Both U.S. and British tanks had thicker armour than first planned. The British design required one fewer crew member than the US version due to the radio in the turret. The U.S. eventually eliminated the full-time radio operator, assigning the task to the driver. The British realized that to meet their requirement for tanks both types would be needed. The British ordered the M3 when they were refused permission to have their tank designs (the Matilda infantry tank and Crusader cruiser tank) made by American factories. British experts had viewed the mock-up in 1940 and identified several flaws — the high profile, the hull mounted gun, radio down in the hull (instead of turret), smooth tracks, riveted and insufficient armour, and little attention to splash-proofing the joints. The British agreed to order 1,250 M3, to be modified to their requirements - the order was subsequently increased with the expectation that when a superior tank was available it could replace part of the order. Contracts were arranged with three U.S. companies, but the total cost was approximately 240 million US dollars. This sum was all of the British funds in the US and it took the Lend-Lease act to solve the financial problems.
      The U.S. military used the "M" (Model) letter to designate nearly all of their equipment. When the British Army received their new M3 medium tanks from the US, confusion immediately set in, as the M3 medium tank and the M3 light tank were identically named. The British army began naming their American tanks, although the U.S. Army never used those terms until after the war. The M3 tanks with the new turret and radio setup received the name "General Grant", while the original M3s were called "General Lee", or more usually just "Grant" and "Lee". The M3 brought much-needed firepower to British forces in the African desert campaign.
      The chassis and running gear of the M3 design was adapted by the Canadians for their Ram tank. The hull of the M3 was also used for self-propelled artillery and recovery vehicles.

In combat:
European and Mediterranean Theaters:

      Of the 6,258 M3s produced by the U.S., 2,855 M3s were supplied to the British Army, and about 1,386 to the Soviet Union. Consequently, one of the American M3 medium tank's first actions during the war was in 1942, during the North African Campaign. British Lees and Grants were in action against Rommel's forces at the disastrous Battle of Gazala on 27 May that year.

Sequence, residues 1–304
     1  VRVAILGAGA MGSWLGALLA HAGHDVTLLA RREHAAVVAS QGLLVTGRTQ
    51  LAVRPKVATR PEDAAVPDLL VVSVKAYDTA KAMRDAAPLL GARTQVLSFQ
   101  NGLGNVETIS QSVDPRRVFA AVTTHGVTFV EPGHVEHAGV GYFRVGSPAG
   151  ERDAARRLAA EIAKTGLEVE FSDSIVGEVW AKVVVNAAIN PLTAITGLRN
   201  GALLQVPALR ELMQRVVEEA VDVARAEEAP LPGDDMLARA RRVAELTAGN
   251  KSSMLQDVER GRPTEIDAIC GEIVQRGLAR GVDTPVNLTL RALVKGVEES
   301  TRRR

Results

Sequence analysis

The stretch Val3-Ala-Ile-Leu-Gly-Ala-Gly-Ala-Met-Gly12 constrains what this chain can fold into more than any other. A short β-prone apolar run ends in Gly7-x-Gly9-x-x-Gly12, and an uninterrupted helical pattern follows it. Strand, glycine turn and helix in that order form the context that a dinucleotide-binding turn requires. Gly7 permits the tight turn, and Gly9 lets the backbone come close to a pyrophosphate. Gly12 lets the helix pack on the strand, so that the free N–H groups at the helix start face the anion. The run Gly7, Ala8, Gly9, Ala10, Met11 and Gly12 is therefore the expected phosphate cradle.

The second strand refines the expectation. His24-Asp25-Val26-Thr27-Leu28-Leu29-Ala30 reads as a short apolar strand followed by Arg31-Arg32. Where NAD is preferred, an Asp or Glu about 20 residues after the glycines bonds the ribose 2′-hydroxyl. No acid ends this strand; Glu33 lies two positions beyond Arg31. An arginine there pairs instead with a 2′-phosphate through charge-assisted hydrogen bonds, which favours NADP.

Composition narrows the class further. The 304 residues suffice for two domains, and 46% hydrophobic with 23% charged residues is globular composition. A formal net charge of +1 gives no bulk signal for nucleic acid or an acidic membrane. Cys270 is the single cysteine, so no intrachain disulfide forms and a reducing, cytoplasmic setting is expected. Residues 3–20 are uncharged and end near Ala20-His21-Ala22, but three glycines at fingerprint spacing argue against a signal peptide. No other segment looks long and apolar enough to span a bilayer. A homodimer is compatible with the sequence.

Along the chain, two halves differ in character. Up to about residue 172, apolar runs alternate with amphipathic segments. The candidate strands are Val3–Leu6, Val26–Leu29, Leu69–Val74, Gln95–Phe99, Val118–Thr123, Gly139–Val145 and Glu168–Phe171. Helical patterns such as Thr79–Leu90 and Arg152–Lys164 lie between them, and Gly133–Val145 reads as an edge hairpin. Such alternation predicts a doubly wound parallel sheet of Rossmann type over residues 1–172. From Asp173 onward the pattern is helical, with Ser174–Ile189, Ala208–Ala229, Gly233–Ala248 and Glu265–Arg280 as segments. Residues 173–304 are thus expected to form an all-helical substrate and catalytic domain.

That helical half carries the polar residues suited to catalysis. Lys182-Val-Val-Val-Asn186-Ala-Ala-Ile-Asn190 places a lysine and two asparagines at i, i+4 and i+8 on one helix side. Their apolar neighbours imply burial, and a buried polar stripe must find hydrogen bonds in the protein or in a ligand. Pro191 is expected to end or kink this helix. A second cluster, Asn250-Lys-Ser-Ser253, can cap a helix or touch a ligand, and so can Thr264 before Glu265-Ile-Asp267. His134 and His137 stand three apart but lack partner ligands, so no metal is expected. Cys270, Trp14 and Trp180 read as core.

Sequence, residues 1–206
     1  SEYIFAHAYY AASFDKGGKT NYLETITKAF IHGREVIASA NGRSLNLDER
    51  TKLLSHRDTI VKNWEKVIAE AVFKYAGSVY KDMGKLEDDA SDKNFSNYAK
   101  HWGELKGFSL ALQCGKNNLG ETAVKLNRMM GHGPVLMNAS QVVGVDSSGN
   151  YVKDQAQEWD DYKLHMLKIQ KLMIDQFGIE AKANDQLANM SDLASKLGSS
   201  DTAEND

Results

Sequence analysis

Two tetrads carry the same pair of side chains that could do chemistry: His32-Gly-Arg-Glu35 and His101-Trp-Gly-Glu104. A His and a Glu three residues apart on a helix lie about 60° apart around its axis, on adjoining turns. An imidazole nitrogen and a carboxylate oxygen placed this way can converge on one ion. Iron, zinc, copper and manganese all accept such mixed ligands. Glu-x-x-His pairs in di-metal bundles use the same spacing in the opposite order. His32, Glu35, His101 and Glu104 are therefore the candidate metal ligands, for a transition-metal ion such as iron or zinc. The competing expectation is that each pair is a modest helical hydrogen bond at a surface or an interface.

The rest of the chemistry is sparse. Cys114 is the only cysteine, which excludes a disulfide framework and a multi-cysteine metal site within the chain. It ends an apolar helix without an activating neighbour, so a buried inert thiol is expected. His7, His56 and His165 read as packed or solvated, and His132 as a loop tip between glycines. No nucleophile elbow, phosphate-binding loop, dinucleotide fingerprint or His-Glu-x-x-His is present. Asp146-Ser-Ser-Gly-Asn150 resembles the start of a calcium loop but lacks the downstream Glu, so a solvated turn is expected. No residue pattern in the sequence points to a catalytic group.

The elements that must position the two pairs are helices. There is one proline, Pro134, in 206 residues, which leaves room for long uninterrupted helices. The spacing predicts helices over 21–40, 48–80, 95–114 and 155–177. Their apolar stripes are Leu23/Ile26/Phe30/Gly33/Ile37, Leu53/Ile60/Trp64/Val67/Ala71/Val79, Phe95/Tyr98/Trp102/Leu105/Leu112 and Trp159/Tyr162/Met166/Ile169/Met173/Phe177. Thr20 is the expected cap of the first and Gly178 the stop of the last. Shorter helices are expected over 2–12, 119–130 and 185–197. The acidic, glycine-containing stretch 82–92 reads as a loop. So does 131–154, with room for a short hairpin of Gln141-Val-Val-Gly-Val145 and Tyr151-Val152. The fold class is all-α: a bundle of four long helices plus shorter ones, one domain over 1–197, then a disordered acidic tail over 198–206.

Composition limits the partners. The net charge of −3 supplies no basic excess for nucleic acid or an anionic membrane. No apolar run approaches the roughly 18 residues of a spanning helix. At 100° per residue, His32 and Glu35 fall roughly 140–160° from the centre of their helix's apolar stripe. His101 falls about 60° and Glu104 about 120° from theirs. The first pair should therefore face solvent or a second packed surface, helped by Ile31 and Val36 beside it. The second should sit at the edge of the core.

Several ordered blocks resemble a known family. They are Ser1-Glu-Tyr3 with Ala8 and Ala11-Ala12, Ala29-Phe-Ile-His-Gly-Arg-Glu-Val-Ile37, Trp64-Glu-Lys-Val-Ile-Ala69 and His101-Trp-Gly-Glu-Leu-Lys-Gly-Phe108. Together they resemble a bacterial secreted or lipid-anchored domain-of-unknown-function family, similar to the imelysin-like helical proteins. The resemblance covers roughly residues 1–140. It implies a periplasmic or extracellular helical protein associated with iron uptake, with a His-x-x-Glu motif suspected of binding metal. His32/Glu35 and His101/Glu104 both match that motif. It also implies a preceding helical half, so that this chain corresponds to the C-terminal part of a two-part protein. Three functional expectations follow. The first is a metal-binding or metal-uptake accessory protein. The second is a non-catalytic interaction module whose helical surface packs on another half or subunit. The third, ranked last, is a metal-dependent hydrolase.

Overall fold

Grant and Lee tanks of 'C' Squadron, 4th (Queen's Own) Hussars, 2nd Armoured Brigade,
El Alamein position, Egypt, 7 July 1942.

      They continued to serve in North Africa until the end of that campaign. A regiment of M3 Mediums was also used by the U.S. 1st Armored Division in North Africa. In the North African campaign, the M3 was generally appreciated for its mechanical reliability, good armor and heavy firepower.
M3 tank in training exercises, Fort Knox, Kentucky

      In all three areas, it was able to fight German tanks and towed anti-tank guns. The tall silhouette and low, hull-mounted 75-mm were severe tactical drawbacks, since they prevented the tank from fighting from hull-down firing positions. The use of riveted armor led to a problem called "spalling," whereby the impact of enemy shells would cause the rivets to break off and become projectiles inside the tank. Later models were welded to eliminate this problem. The M3 was replaced by the M4 Sherman as soon as these were available, though several M3s saw limited action in the battle for Normandy as armored recovery vehicles (M31)  with dummy guns.


M31s in Normandy, France, 1944.
      Over 1,300 diesel-engined M3A3 and M3A5s were supplied to the USSR via Lend-Lease in 1942-1943.
An M3A3 in soviet hands
Two M3A3 diesel powered Lees with russian operatos
      All were the Lee variants, although they are sometimes referred to generically as Grants. The M3 was unpopular in the Red Army, where its faults showed up in engagements with enemy armor and anti-tank weapons, with the Soviets bestowing it the nickname of "БМ-6 — братская могила на шестерых" that could be translated as "collective grave for six people" or sometimes "coffin for six brothers", although the official designation was "М3с" ("М3 средний", M3 medium) to distinguish them from "М3л" ("М3 лёгкий", M3 light) Stuart tanks.

"М3с" ("М3 средний", M3 medium) lead an "М3л" ("М3 лёгкий", M3 light) Stuart tank in battle
      Few were seen in combat after about mid-1943, though some M3s were used on the Arctic Front in the Red Army's offensive on the Litsa front towards Kirkenes in October 1944. The Germans had on this front only relatively few obsolete French Hotchkiss H35 and Somua S35 tanks that they had acquired during occupation, consequently the M3's inferior tank-to-tank capabilities were of limited importance.

Pacific and China-Burma-India Theaters:
      The Pacific War was an ocean war fought primarily by the naval fleets of the U.S. and the Empire of Japan. Tank warfare played a secondary role as the primary battles were between warships and between aircraft.  Within the Pacific Theater of Operations, the U.S. Marine Corps deployed all six of its tank battalions; the U.S. Army deployed only a third of its 70 separate tank battalions, and none of its armored divisions, in the Pacific.
      During the Battle for Tarawa island in 1943, the U.S. Army attacked nearby Makin Island, which was considered a less costly operation. The army was supported by a platoon of M3A5 Lee medium tanks from the U.S. Army's 193rd Tank Battalion, making this battle the only U.S. Army combat use of the M3 in the Pacific Theater.
M3A5 belonged of 193 rd Tank Battalion - Makin Atoll -1943
      The U.S. Marine Corps did not use M3 Lees; their light tank battalions were equipped with M3 Stuarts through early 1944 when they were replaced by M4 Shermans.